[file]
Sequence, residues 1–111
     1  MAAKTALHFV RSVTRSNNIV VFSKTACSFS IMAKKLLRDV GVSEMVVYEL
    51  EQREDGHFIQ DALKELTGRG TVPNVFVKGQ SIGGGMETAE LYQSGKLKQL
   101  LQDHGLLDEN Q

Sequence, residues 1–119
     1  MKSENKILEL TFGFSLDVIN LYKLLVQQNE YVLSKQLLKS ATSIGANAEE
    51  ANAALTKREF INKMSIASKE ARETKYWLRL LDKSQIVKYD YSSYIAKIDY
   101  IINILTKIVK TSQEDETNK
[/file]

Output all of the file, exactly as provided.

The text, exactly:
Sequence, residues 1–111
     1  MAAKTALHFV RSVTRSNNIV VFSKTACSFS IMAKKLLRDV GVSEMVVYEL
    51  EQREDGHFIQ DALKELTGRG TVPNVFVKGQ SIGGGMETAE LYQSGKLKQL
   101  LQDHGLLDEN Q

Sequence, residues 1–119
     1  MKSENKILEL TFGFSLDVIN LYKLLVQQNE YVLSKQLLKS ATSIGANAEE
    51  ANAALTKREF INKMSIASKE ARETKYWLRL LDKSQIVKYD YSSYIAKIDY
   101  IINILTKIVK TSQEDETNK